Uncle Bardie’s Spotlight Movie: A champion

Once a week on Friday, Uncle Bardie celebrates the creativity in others by shining a Spotlight on a movie, a song or a creator. This week’s Spotlight Movie is the documentary “Harry & Snowman”:

We know who Seabiscuit was. We know who Secretariat was. We know who Trigger was. One horse that captured the imagination of the American public in the 1950s has almost been forgotten. Now director Ron Davis has reminded us of one of the greatest horses of the twentieth century, Snowman, with his documentary.

The documentary begins with a voice-over by Snowman’s owner, a man with a Dutch accent. “My name is Harry DeLeyer and I’ve spent my whole life with horses. I connect with them and they connect with me…I still love to be in the morning with my horses. I got many wonderful horses in my life. But Snowman was the most wonderful to me.”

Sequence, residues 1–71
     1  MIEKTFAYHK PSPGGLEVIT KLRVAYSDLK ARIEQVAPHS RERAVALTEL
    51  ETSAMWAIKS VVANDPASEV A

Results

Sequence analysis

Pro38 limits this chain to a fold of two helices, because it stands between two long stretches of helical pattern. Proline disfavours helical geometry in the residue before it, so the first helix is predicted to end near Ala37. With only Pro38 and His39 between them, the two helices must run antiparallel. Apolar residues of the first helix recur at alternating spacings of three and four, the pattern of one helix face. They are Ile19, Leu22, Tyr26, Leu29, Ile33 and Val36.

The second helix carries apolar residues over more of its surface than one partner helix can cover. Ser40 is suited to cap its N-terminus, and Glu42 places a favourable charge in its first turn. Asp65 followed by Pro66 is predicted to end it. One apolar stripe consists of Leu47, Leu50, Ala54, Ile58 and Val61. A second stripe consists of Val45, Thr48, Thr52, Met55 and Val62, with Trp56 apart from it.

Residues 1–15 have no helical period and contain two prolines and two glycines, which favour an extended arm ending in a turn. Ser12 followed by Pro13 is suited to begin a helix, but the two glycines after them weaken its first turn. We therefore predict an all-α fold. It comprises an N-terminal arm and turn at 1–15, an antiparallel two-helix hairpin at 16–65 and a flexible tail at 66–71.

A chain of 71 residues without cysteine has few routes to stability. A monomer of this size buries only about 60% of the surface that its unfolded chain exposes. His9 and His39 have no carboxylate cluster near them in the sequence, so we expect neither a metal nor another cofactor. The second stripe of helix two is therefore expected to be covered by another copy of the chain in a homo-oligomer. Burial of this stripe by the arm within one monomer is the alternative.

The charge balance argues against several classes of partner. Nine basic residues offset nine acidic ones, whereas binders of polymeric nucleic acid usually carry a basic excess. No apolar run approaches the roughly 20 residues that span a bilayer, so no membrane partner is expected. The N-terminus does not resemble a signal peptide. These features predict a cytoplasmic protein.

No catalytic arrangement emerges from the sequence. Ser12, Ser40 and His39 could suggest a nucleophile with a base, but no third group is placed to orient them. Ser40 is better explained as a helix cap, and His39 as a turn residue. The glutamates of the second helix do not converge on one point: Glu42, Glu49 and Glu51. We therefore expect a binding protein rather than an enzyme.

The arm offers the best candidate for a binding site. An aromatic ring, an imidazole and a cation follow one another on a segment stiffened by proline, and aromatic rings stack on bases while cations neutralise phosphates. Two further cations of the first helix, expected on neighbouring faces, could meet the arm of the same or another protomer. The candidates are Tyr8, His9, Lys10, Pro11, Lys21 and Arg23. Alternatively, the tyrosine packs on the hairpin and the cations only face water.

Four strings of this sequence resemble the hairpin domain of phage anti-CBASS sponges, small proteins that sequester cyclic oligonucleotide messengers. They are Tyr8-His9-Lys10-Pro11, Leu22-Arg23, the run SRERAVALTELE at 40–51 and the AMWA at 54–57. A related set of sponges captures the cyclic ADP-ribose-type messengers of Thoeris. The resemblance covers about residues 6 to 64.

Harry saved Snowman from the slaughterhouse. When Harry looked the horse in the eye and the horse looked Harry in the eye, there was a connection between the two that would last for the rest of the horse’s life. Harry paid $80 for a white English plow horse. The horse was filthy with only one shoe and a mark on his neck from pulling a plow.

The documentary is an American story. With hard work, commitment and talent, anything is possible. In 1958, a twelve-year-old plow horse beat the best show jumpers in the United States. By the end of the season, he won the triple crown of show jumping: the National Championship at Madison Square Garden and the year-end Jumper Championship Award, and and was named the Horse of the Year.

Harry was offered $100.000 for the horse he paid $80 for. He never sold. Snowman was too much a part of his family. At the end of his career, Snowman, “The Cinderella Horse”, took his final appearance at Madison Square Garden as one of the greatest snow jumpers of all time. He received a standing ovation.

This documentary reminds us that we never know when greatness will show its face. So let’s celebrate second chances. Just think of some of the great Second Chancers: Abraham Lincoln, Winston Churchill, Colonel Sanders, Grandma Moses. And Snowman.



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